• Pista (unregistered)

    This is a premature submission. Gary should've waited a little longer and then submitted the resulting WTFs. Based on the conversations, that would've been a real collection of gems!

  • Jim (unregistered)

    We didn't have enough budget today for an experienced frist commenter today so I got two junior frist commenters But an experienced frist commenter would be at least twice as funny as 2 junior Fristers. ok, my nephew is a Thrid Frist Commenter, he will help you on the project as well.

  • amomynous (unregistered)

    Each time I read one of those I feel like hunting the stupid moron and banging his head on the desk until it breaks (the head or the desk, whatever gives in first).

    Maybe I'm poisoning myself with hate, but at least it reassures me that I'm still sane and not one of them.

  • Lead developer (unregistered)

    Reading these stories is painful. A reminder of the number of people in companies producing software that have as much of an idea of what it takes as they have an idea of what it takes to build a car that won't break in the first week it is used.

  • chreng (unregistered)

    It is spelled first. No, do not change anything, continue to spell frist.

  • Raedwald (cs)
    the experienced engineer will generally out-produce them by way more than 2:1.

    IIRC, the ratio between best and worse can be 20:1: the best can do the same useful work in one afternoon that the worst take 2 weeks to do.

  • anon (unregistered) in reply to Pista
    Pista:
    This is a premature submission. Gary should've waited a little longer and then submitted the resulting WTFs. Based on the conversations, that would've been a real collection of gems!

    Maybe he got out in time?

  • Steve The Cynic (cs)

    Which italicised texts are engineers and which are managers?

    The way I see it (and based on stuff I've seen on this site as well), the first three could be either, but are more likely developers, the last three are more likely to be managers, especially the very last one, and the one in the middle is undecidable.

  • Steve The Cynic (cs) in reply to Raedwald
    Raedwald:
    the experienced engineer will generally out-produce them by way more than 2:1.

    IIRC, the ratio between best and worse can be 20:1: the best can do the same useful work in one afternoon that the worst take 2 weeks to do.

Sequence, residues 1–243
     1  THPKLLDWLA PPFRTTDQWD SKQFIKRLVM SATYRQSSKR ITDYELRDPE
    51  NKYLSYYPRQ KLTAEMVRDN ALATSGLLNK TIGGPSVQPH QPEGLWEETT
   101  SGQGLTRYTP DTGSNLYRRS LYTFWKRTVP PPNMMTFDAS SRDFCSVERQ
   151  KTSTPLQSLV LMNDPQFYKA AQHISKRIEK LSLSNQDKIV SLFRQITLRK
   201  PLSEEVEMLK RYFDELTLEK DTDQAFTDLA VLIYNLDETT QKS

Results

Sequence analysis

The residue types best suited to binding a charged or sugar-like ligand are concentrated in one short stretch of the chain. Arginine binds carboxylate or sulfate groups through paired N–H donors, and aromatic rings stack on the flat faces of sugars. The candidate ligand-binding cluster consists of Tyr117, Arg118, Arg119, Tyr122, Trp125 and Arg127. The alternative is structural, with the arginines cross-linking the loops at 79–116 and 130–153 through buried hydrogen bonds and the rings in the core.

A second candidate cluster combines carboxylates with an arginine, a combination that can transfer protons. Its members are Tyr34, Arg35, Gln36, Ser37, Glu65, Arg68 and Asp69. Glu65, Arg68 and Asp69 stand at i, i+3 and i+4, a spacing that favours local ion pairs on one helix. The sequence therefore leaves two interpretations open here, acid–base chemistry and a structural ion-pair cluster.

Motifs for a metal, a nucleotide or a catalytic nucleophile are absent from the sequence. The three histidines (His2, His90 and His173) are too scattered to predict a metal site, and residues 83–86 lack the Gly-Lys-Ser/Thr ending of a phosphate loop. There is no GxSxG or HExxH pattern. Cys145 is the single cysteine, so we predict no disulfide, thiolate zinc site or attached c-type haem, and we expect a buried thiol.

Yes, but that doesn't answer the same question as experienced versus inexperienced. But even there, I'd expect the experience-derived difference to be bigger than 2:1 unless the inexperienced guys are extremely good at what they do.

  • sir_unwtf (unregistered)

    What's so bad? The fact that people are even having these rational discussions and debates about how to move forward is good. Sounds like a great environment where people care about code and aren't afraid to raise their concerns and objections.

  • sir_unwtf (unregistered) in reply to Raedwald
    Raedwald:
    the experienced engineer will generally out-produce them by way more than 2:1.

    IIRC, the ratio between best and worse can be 20:1: the best can do the same useful work in one afternoon that the worst take 2 weeks to do.

    In the optimal situation, over time the net ratio can work out as well over 100:1. Experienced devs don't just do more in less time but make more reliable and maintainable code, not to mention systems for managing what they are doing. However, generally it will linger at around 10:1 on average partly because experienced devs have to do basic stuff as well. Basically anyone can limbo under a goal post. On the other hand, experienced devs can often do stuff other devs really can't do at all.

  • Pista (unregistered) in reply to anon
    anon:
    Pista:
    This is a premature submission. Gary should've waited a little longer and then submitted the resulting WTFs. Based on the conversations, that would've been a real collection of gems!

    Maybe he got out in time?

    Yeah, maybe... Good for him, bad for us :D

  • gnasher729 (unregistered) in reply to Raedwald
    Raedwald:
    the experienced engineer will generally out-produce them by way more than 2:1.

    IIRC, the ratio between best and worse can be 20:1: the best can do the same useful work in one afternoon that the worst take 2 weeks to do.

    The ratio between best and worst is 1 : -2. In one week, the worst can cause damage that takes the best two weeks to undo.

  • first (unregistered)

    I'm willing to bet none of those comments were by Engineers. Programmers / Developers sure.

    Stop stealing our title, code monkeys.

  • balazs (cs) in reply to first
    first:
    I'm willing to bet none of those comments were by Engineers. Programmers / Developers sure.

    Stop stealing our title, code monkeys.

    "This was a badly engineered comment."

    • unnamed software engineer
  • Litaris Bokov (unregistered) in reply to Raedwald
    Raedwald: